Close-up portrait of a masculine guyAppearances and Drugs and Alcohol

Although many people believe that taking drugs and/or drinking alcohol will only have an impact on the inside of their body, these substances greatly affect one’s outward appearance as well. Alcohol and drugs most certainly affect internal organs, but drinking excessively or taking drugs too often or in higher quantities can take a toll on one’s skin, teeth, hair, and weight.

First off, alcohol is filled with calories. In fact, just one can of beer or one glass of wine is equivalent to eating a buttered dinner roll. Interestingly, studies show that having too much to drink can lead to an increase in caloric intake. Surveys show that binge drinking caused people to eat about 6,000 extra calories. Everyone has heard the expression “beer belly” and it comes from eating and drinking all of these extra calories. Further, alcohol can affect your outward appearance in that it can cause broken capillaries in one’s eyes due to dilating blood vessels, and dry skin from dehydration. The effects on appearance of dehydration from alcohol intake don’t stop there: dehydration from alcohol can leave you with brittle hair and nails and cause premature aging to your skin.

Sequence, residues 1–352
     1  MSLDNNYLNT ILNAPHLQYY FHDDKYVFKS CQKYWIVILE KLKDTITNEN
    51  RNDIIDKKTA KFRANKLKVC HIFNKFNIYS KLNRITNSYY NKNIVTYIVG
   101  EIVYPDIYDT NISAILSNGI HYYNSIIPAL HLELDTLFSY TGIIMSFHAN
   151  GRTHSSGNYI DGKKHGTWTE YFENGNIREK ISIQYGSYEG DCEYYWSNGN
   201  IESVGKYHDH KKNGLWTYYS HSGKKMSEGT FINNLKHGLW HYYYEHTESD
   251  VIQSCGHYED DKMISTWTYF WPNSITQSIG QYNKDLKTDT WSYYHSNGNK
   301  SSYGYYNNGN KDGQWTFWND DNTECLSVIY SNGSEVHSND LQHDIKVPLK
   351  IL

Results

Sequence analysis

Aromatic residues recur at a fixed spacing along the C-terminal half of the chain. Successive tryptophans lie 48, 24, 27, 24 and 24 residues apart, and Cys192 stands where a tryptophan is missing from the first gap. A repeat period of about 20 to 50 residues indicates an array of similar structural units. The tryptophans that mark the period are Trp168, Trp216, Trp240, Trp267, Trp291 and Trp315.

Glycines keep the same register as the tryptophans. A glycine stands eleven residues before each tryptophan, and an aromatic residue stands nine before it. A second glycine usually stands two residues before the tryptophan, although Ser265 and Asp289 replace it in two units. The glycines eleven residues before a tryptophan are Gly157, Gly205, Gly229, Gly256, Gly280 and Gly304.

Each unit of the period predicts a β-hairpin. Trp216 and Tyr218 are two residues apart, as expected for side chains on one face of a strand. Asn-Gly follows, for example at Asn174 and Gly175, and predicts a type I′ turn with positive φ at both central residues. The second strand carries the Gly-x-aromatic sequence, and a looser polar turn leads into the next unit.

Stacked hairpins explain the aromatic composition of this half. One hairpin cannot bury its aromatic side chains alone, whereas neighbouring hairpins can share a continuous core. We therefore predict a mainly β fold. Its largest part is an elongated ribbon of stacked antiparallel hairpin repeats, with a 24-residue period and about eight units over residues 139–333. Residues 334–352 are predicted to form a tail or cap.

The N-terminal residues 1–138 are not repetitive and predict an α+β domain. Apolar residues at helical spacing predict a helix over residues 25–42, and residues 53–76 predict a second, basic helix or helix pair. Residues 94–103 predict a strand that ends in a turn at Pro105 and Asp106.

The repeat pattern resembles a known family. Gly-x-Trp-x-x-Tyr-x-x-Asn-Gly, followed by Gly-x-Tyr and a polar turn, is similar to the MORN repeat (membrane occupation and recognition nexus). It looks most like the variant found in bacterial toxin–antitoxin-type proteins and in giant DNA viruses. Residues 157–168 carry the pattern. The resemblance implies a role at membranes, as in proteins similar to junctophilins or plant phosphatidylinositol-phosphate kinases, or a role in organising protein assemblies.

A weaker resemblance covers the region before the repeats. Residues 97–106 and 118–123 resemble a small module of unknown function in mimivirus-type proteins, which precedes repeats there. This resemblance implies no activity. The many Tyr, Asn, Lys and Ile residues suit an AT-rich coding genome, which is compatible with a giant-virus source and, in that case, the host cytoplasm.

Another substance that causes weight gain is marijuana since it makes people feel hungry. When individuals feel hunger, they tend to eat, and even overeat when they would not be feeling hungry if they had not ingested marijuana. Alternatively, heroin suppresses one’s appetite, leading, in some cases, to grossly extreme weight loss. Also, heroin can cause visible track marks, sores, acne, premature aging, and blue skin and nails due to low blood pressure from taking the drug.

Similar to heroin, cocaine can also leave visible sores. In fact, symptoms such as a sunken face or a collapsed nose from snorting the drug show that cocaine is a substance that can have a very drastic impact on one’s appearance.

Last, but definitely not least, is meth. Meth ravages one’s appearance in many ways. It can cause weight loss, tooth decay, sores and premature aging.